Anyone who reads my reviews regularly knows that I'm a fan of Shakespearean re-imaginings. Sure, I like my Shakespeare played straight as well, but sometimes when one of his plays is tinkered with in just the right fashion it comes to life in new and unexpectedly exciting ways. Such is the case with the Rep's slapstick take on The Comedy of Errors, which is given the background of New Orleans during Mardi Gras, and given a Heavy Dose of 1930's period music to liven things up considerably. It's a brilliant take and leaves the Rep with a perfect batting average for the season. It's the reason why we go to Rep in the first place; they consistently provide entertaining shows that are expertly acted and directed, in a theatre that puts you right on top of the action. What more could you ask for?
For the uninitiated, Shakespeare's plot concerns pairs of identical twins separated at birth, thanks to a handy shipwreck (an overworked device by Shakespeare). One set lives in Ephesus, while the other grows up in Syracuse. Chance brings the pair together, but not before a series of cases of mistaken identity threatens the sanity of all involved. I've always thought that the film, Start the Revolution Without Me, was a pretty good take on the idea (and the dismal The Corsican Brothers, a rotten twist on the same concept).
Chris Mixon and Michael Fitzpatrick are twins, both named Antipholus (not very imaginative work there by Shakespeare, but useful nonetheless to the plot) and Doug Scholz-Carlson and Christopher Gerson are twins, both named Dromio. All four do superior work here, and their interplay between each set of mismatched twins is very well done. Lenny Wolpe is also good as the father who is searching for them named Egeon. He has one day to discover their whereabouts before he's put to death by Solinus (Walter Hudson), the Duke of Ephesus. Accompanying him on his journey is Jailer/Officer Aaron Orion Baker.
Tarah Flanagan and Kate Fonville impress with their work as Adriana (wife to Antipholus of Ephesus) and her sister, Luciana, respectively. Tina Fabrique (not seen here since her turn in Ella) is the Abbess who's given a chance to really let loose with her formidable vocal chops. Christopher Hickey pulls double duty as Balthasar and the buxom, lovestruck Nell.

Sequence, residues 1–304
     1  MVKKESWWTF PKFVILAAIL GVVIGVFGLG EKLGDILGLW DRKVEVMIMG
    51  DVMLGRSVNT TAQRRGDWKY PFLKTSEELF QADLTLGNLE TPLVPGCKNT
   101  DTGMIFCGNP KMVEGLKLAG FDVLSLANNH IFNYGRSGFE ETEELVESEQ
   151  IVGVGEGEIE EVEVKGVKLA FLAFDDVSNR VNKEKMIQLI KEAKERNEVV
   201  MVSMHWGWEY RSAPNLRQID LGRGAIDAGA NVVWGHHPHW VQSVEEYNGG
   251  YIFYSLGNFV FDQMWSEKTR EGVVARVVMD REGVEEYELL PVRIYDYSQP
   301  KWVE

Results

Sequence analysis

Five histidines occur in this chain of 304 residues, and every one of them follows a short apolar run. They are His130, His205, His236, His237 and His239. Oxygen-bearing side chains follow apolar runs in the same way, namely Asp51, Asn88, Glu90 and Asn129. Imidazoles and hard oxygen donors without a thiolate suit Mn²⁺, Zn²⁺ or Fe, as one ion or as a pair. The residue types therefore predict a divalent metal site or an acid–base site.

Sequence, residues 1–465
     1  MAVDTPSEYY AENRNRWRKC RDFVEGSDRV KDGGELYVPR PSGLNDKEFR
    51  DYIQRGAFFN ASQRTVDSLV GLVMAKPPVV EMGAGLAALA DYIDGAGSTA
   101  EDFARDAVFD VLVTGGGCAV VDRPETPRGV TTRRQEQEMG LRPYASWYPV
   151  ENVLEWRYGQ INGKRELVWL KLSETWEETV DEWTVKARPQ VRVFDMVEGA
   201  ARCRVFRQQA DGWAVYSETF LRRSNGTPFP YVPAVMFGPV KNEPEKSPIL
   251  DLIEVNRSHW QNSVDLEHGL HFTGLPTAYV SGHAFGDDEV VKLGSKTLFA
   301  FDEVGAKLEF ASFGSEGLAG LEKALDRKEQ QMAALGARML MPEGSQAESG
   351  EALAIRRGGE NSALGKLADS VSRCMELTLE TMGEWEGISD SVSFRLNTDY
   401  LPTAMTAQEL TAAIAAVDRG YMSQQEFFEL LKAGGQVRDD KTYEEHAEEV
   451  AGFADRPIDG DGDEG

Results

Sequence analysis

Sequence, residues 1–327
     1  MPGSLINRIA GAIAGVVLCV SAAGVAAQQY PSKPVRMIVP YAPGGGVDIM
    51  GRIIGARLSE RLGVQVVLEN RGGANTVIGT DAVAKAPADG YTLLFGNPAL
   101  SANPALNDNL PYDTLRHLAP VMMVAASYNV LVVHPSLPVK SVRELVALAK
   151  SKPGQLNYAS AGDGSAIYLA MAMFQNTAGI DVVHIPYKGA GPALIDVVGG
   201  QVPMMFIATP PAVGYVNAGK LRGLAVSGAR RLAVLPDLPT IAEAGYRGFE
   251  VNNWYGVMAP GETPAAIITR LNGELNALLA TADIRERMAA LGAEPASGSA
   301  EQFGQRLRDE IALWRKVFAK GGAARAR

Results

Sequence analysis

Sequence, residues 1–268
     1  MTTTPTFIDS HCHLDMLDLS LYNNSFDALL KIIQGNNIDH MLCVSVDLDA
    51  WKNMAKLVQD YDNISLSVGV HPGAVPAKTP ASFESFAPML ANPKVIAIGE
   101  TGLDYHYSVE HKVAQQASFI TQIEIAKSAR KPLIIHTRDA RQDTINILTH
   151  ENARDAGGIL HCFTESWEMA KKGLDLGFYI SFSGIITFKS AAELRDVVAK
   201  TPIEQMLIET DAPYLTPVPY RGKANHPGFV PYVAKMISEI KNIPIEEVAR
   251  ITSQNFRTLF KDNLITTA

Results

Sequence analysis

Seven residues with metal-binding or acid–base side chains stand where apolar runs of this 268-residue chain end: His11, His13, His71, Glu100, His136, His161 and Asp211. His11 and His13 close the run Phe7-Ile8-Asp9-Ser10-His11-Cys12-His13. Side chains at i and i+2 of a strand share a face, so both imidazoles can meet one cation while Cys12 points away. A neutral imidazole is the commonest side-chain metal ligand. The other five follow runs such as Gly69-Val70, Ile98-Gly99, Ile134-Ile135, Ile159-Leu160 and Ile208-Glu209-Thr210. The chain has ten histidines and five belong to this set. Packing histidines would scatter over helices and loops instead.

The rest of the supporting cast is also excellent and includes: Evan Fuller (Luce), Jim Poulos (Angelo), Ryan Fonville (Second Merchant), Shanara Gabrielle (Courtesan), Jerry Vogel (Dr. Pinch), Kurt Hellerich (Agador), and Adrianna Jones, Dakota Mackey-McGee, Thomas Eric Morris, Joey Otradovec, and ChrisTina Ramirez.
Director Paul Mason Barnes pulls out all the stops for this production, inserting a bevy of musical interludes, as well as incorporating some hilarious bits that add a great deal of merriment to the proceedings. Jack Forbes Wilson pulls double duty as Merchant/Harry as well as acting as musical director/arranger and onstage pianist. Erik Paulson's scenic design is simply splendid, with a lovely recreation of Bourbon Street coming to life in multiple levels. Margaret Weedon's costumes are also a real treat, adding period as well as Southern flair. Lonnie Alcaraz contributes a lighting scheme that keeps the action clearly in focus.
The Rep's production of A Comedy of Errors is another in a long line of must-see shows that they've presented this season. It's certainly one of the best adaptations of this particular work that I've ever seen, and it continues through April 8, 2012 on the main stage at the Loretto-Hilton.